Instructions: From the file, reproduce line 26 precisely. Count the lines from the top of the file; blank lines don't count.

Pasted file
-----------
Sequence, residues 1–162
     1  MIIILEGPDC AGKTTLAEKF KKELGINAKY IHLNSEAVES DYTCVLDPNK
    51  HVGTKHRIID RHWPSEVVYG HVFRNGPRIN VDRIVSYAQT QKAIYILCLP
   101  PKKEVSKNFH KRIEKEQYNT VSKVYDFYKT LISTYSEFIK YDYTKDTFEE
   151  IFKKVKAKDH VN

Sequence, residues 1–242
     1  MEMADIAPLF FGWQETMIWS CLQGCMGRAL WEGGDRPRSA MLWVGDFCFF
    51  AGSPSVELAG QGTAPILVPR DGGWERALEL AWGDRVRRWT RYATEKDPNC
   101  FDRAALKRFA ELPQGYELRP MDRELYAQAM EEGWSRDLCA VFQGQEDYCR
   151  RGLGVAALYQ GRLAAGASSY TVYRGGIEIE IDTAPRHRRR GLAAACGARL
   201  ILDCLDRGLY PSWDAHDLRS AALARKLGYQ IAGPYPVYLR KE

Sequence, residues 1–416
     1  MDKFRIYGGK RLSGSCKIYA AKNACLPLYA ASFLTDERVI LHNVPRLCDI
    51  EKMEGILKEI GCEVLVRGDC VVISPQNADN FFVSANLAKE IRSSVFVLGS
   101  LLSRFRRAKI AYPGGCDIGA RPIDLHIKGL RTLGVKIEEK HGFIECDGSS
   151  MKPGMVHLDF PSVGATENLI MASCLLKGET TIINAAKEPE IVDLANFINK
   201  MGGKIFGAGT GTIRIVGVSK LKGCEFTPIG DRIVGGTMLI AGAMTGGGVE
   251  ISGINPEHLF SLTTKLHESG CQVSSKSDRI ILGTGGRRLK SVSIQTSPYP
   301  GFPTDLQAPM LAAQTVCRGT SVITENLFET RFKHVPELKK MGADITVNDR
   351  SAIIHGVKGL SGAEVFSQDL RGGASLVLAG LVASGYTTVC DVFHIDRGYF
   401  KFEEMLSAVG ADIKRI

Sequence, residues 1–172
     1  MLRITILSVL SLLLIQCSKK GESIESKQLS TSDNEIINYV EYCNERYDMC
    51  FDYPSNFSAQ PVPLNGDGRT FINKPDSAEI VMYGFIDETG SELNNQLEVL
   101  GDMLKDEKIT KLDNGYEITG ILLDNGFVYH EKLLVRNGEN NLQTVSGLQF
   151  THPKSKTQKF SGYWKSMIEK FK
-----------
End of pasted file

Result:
   151  THPKSKTQKF SGYWKSMIEK FK